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Why did the Tampa Bay Lightning sign Wendel Clark in 1998?

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04-30-2017, 10:42 AM
  #1
Michael Whiteacre
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Why did the Tampa Bay Lightning sign Wendel Clark in 1998?

Wendel Clark was limited to 47 games in '97-'98 when he had to spend much of that season dealing with groin injuries. Toronto had just signed Derek King away from the Hartford Whalers in the 1997 offseason, and then you have Sergei Berezin emerge as their top scoring LW. Those two factors in addition to Wendel Clark being plagued with injury, contributed to his depth chart placement status being a third-line LW.

Thus, Clark is on the third line with Steve Sullivan at C and the also newly-signed Igor Korolev (formerly of the Phoenix Coyotes) at RW. It is '97-'98 that Clark was limited to 12 goals and 7 assists equalling 19 points in 47 games of limited action.

That's why Toronto opted to move on once more from Wendel Clark when he became a free agent because they regretted having brought him back into the fold since the Mats Sundin trade, and Tampa Bay took a chance on him in the summer of 1998.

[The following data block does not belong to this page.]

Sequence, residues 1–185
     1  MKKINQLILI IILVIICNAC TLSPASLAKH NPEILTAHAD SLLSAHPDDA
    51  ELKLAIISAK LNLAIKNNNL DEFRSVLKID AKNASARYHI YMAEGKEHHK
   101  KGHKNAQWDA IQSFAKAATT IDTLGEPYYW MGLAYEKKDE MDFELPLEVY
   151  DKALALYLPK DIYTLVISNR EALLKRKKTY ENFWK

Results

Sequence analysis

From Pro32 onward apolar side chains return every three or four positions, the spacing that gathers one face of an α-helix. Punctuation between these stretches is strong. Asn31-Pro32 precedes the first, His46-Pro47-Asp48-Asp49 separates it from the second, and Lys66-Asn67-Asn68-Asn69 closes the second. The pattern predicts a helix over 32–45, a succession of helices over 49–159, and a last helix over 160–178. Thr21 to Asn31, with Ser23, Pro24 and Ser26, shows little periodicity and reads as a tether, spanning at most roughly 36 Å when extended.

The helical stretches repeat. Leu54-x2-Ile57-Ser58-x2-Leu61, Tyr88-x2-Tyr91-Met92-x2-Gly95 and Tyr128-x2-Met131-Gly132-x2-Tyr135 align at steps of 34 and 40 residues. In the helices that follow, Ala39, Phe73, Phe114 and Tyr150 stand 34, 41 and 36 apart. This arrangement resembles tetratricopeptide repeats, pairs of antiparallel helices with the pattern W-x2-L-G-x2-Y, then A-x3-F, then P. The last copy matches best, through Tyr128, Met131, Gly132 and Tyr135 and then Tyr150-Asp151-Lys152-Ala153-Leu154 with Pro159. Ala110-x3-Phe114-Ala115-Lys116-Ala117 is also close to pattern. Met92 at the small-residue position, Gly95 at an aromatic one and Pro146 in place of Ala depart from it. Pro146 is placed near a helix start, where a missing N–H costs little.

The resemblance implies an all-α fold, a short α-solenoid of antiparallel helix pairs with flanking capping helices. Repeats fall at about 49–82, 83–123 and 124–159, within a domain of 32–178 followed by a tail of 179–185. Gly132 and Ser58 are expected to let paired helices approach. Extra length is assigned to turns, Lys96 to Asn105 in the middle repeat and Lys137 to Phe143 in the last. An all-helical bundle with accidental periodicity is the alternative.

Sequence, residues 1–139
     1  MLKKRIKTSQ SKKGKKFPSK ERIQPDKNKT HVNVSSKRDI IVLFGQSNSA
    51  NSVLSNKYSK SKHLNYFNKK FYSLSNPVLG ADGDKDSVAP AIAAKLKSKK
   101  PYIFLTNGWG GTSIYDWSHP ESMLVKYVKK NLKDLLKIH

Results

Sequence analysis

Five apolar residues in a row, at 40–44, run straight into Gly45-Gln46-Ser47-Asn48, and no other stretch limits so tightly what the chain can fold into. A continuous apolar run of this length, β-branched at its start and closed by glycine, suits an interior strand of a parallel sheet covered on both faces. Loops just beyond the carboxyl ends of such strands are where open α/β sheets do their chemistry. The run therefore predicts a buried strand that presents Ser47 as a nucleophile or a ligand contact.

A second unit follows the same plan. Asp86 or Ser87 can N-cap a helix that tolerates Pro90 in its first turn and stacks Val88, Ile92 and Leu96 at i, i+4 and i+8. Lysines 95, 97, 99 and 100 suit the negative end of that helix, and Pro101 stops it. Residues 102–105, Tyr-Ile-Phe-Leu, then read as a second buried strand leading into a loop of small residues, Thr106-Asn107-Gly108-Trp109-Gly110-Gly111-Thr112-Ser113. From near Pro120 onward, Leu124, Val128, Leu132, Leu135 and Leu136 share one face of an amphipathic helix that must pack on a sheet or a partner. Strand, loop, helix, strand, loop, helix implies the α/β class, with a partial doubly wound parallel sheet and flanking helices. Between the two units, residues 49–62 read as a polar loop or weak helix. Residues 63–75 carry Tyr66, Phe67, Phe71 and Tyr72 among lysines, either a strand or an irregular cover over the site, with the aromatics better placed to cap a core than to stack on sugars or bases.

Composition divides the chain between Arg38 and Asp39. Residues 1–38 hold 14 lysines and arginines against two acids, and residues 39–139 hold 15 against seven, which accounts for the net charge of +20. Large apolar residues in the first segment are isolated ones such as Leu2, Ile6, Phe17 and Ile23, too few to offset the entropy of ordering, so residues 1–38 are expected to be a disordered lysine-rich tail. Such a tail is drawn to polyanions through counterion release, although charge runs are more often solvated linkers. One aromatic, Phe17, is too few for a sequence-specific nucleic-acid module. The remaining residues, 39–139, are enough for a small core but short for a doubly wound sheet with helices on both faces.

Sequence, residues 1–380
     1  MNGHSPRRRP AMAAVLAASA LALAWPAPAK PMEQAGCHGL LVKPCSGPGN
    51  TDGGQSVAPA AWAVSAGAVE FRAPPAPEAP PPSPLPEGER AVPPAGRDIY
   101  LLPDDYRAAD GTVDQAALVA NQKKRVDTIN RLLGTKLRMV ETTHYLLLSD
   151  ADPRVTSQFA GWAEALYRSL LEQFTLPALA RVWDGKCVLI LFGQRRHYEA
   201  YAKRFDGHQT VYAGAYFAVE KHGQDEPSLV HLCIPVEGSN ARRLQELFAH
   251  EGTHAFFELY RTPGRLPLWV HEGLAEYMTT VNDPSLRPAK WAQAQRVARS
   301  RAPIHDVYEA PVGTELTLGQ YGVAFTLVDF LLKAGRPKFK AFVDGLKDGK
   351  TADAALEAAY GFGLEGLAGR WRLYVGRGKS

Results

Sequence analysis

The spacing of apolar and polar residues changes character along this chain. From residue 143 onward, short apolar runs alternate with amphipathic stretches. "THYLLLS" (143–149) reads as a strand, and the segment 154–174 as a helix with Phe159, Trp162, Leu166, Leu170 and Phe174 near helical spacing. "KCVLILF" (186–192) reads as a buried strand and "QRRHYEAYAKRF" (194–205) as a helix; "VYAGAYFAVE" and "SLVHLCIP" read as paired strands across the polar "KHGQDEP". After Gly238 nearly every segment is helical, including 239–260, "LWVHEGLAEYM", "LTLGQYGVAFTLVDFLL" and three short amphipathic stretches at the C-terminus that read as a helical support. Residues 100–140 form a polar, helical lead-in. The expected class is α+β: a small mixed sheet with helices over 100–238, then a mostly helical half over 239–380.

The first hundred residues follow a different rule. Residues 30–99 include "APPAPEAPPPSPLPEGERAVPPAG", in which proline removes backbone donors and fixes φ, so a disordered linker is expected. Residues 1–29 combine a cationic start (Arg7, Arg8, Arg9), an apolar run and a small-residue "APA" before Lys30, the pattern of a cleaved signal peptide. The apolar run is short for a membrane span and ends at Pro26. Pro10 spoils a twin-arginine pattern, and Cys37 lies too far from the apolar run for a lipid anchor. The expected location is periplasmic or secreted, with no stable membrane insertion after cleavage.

Toronto was a bad enough team that missed the '97-'98 playoffs in their last NHL season being a Western Conference team as Toronto would be shuffled out of the Western Conference in favor of the introduction of the Nashville Predators as an expansion team. But Tampa Bay was even worse than Toronto! For the fact that Tampa Bay had too many lower-tier players and former aging stars shuffling in and out of their lineup, and were ranked last overall. At least the Toronto Maple Leafs looked like they had a bright future with Mats Sundin, Sergei Berezin, Curtis Joseph, Alexander Karpovtsev, Steve Thomas, Bryan Berard and Tomas Kaberle.